Keep it rolling at the boat ramp
LITTLE ROCK — Daylight saving time has kicked into gear, and more people are getting out to the lake to enjoy a day of fun in the sun. Added traffic can mean longer wait times at boat ramps to get your day started and wrap things up at the end of your trip. Here are a few tips to help everyone out and keep the line running smoothly at your favorite fishing and boating destination.
Work while you wait
Don’t wait until you’ve backed down the ramp to transfer your gear from the tow vehicle to the boat or unstrap the boat from the trailer. Pull to the side and get your gear ready there. If you’re waiting for the ramp, go ahead and make good use of that time to prepare ahead.
Save the chatter
Don’t make others wait while you’re having a discussion with your fishing buddy on where to go, unless you want those behind you offering some colorful suggestions.
Don’t forget the plug
Always make sure the boat’s drain plug is where it’s supposed to be, when launching the boat and after you’re done for the day. Leaving the plug out can put the boat under the surface fairly quickly, and many boats only have access to the plug location from outside the vessel, so getting that plug in place after launching can be a wet mess.
Removing the plug at the ramp at the end of your day can help prevent another kind of wet mess. Giant salvinia, zebra mussel larvae and many other aquatic nuisance species can be spread in the water that can be held in the bilge area and livewells. To protect Arkansas waters, the AGFC enacted a regulation in 2021 requiring all boaters to remove all drain plugs, including those in livewells, before leaving the boat ramp at the conclusion of their outing. Check out www.agfc.com/invasivespecies for more information on how to prevent the spread of these nuisance species.
Practice when it’s slow
Don’t wait until a weekend during peak boating season to practice backing the trailer and launching your boat. Go to a boat ramp that doesn’t see much traffic one afternoon and take your time while few people are around. Not only will you get better at backing the vehicle, you’ll be able to develop a routine that will give you confidence that you haven’t left something behind.
Take it easy
When people are waiting, it can be easy to panic and go too fast backing the boat. Remember the adage, “Slow is smooth; smooth is fast.” Take your time and make small adjustments. If you begin to get off track, take a moment and give it another shot. Backing a trailer isn’t easy when you first start out. And if you’re one of the people waiting in line that sees a person struggling, be patient and let them figure it out without honking or hurrying them up. That can cause an even bigger mess if they panic and get sideways on the ramp.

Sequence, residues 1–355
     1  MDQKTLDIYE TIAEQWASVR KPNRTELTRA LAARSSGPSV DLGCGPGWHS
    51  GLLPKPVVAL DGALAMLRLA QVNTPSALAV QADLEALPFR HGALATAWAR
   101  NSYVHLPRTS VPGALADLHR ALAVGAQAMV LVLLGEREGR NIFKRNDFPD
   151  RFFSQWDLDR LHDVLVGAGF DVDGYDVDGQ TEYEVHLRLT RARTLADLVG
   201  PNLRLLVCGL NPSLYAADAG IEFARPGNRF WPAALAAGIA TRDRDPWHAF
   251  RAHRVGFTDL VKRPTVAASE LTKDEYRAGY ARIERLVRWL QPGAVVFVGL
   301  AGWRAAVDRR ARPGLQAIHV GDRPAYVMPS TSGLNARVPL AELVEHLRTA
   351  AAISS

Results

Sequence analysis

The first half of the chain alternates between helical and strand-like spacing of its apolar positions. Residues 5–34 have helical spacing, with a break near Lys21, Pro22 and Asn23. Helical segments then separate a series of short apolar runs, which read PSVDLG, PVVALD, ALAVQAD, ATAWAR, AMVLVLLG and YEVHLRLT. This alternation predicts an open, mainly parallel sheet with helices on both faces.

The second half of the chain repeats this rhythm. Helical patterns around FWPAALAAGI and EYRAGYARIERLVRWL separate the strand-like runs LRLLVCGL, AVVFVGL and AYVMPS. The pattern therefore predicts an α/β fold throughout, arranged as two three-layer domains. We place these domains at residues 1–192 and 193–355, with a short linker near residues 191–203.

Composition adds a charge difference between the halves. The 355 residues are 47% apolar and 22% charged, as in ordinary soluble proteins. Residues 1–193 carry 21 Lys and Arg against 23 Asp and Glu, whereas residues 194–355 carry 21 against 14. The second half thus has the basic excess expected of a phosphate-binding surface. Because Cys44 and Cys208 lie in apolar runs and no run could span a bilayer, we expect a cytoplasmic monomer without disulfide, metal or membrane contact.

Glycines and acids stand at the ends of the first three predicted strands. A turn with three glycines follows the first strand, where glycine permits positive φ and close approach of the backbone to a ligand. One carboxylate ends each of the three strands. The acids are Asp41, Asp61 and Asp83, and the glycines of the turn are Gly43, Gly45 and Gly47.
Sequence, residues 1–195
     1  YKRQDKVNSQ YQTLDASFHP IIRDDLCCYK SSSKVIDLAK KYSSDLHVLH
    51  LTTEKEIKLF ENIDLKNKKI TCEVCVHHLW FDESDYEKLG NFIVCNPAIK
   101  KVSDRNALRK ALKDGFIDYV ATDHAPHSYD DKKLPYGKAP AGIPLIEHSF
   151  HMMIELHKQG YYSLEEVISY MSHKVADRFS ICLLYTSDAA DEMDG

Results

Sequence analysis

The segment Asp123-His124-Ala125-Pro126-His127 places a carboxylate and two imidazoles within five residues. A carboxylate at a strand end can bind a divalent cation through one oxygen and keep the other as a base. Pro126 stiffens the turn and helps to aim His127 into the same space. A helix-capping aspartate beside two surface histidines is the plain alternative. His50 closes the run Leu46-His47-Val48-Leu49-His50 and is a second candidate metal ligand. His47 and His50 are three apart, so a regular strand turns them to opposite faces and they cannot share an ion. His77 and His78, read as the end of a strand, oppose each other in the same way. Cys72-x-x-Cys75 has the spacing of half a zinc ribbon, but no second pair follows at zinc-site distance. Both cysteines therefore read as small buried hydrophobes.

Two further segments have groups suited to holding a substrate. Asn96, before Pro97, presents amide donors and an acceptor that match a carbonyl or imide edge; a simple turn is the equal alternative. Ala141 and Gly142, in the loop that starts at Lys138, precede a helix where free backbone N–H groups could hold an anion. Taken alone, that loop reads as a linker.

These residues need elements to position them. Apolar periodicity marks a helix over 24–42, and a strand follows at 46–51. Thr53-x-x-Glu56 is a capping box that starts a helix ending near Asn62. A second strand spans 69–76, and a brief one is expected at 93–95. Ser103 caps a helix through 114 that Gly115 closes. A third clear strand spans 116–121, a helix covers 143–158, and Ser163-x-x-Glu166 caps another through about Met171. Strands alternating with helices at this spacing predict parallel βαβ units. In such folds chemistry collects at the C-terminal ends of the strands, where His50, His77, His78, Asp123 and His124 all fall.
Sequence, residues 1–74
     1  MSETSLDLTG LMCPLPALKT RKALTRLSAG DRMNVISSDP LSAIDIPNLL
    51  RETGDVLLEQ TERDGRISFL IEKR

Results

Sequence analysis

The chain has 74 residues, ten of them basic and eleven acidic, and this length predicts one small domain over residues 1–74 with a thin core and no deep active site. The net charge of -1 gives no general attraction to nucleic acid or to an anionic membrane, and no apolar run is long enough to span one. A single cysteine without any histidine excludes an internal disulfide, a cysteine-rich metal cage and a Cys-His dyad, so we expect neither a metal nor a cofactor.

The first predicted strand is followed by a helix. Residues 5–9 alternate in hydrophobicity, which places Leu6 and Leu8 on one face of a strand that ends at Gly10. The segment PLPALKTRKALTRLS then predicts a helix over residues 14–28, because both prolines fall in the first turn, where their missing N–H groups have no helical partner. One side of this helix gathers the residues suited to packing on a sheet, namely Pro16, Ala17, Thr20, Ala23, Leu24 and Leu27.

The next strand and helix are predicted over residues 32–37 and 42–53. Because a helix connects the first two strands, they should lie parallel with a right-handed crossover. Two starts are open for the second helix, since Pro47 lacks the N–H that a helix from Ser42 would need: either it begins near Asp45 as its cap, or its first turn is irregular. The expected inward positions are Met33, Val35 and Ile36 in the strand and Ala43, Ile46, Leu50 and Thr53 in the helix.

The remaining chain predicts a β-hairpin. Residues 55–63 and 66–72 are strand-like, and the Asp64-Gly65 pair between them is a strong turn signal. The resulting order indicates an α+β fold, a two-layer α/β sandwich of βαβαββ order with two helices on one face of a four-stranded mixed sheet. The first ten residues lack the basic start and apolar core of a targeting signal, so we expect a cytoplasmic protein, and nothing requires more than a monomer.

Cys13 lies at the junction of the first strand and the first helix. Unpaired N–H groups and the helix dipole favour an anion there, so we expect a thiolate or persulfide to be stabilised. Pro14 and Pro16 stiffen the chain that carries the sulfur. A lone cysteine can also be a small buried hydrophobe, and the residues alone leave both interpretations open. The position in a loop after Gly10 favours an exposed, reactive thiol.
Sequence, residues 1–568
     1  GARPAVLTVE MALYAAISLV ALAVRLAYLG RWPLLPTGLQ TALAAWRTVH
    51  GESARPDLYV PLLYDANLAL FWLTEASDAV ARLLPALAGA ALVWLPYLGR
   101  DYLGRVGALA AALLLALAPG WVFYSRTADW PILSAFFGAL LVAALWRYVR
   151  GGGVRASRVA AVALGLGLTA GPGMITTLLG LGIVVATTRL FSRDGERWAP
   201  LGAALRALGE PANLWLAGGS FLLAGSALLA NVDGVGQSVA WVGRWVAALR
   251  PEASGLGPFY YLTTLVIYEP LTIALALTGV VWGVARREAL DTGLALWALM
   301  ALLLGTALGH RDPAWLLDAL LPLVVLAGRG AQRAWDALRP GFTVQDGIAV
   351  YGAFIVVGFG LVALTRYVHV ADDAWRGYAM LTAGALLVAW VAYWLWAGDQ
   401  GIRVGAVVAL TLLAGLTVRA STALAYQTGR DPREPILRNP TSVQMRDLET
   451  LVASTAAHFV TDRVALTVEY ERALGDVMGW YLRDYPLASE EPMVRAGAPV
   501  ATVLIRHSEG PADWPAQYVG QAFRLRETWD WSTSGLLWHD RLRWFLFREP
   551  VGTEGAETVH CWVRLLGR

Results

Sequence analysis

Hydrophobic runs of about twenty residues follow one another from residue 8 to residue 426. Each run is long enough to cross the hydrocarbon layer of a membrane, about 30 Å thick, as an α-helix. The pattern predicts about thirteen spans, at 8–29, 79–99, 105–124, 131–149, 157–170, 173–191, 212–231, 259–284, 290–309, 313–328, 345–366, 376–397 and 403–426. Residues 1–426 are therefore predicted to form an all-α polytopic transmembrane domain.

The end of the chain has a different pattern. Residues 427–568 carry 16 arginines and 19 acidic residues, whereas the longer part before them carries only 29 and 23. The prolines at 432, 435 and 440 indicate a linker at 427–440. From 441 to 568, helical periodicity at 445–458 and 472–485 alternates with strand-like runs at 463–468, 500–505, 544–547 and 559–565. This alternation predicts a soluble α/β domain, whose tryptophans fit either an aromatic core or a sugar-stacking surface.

Life jackets at the ready
Make sure you have enough life jackets for the people on your boat before you get to the ramp. State law requires all boats under 16 feet long to have one U.S. Coast Guard Approved wearable personal floatation device on board for every passenger. Boats 16 feet and longer also require an additional throwable PFD. Children under 13 must be wearing their life jacket at all times while aboard a boat, unless they are within the enclosed area of a houseboat, cruiser or party barge and the boat is not under way. Go ahead and put on the life jacket before hopping into the boat at the ramp as well and lead by example.
Don’t get too deep
One of the most common mistakes new boaters make when loading the boat at the end of the day is to put the trailer too far into the water. You want the bottom of the boat to contact the trailer when it reaches the halfway point. It can then slide up the bunks straight. If the trailer is too deep, the bunks won’t guide the boat and it will slide from one side to the other when you try to pull the trailer from the water. Once you find the sweet spot, make a note of where the water level touches the wheels or another part of the trailer so you can get it right every time.
Park in the right place
If you’re hauling a trailer, park in the long spaces designated for your rig. If you’re using a kayak, canoe or meeting someone with the boat and are driving a car or truck that doesn’t have a trailer behind it, try to find a parking space that isn’t reserved for trailering vehicles.
Don’t let your boat be a drag
Unhook the boat from the winch after the vessel is in the water, not before. Also make sure to hook the winch up before leaving the water at the end of the day. It’s rare, but boats can slide off the trailer bunks if they’re not secured on a steep ramp. Secure the trailer tie-down straps and transfer gear back to the tow vehicle in the parking lot, not on the ramp.
The tips above are just a few things anglers and boaters can learn through the Arkansas Game and Fish Commission’s Boating Education Program. Anyone born on or after Jan. 1, 1986, and of legal age to operate a motorboat or sailboat, must have successfully completed an approved boating education course and carry proof while operating a motorboat or sailboat on Arkansas waters. To operate a motorboat powered by an engine of 10 horsepower or more, a person must be 12 or older, or be under the direct supervision of a person at least 18. To operate a personal watercraft, a person must be 16 or older, or be 12-15 years old and under the direct supervision of someone at least 18. People younger than 12 may only operate a personal watercraft while under the direct supervision of someone at least 21.
Visit www.agfc.com/boatered for more information about Boater Education in Arkansas and how to take a class near you to be certified.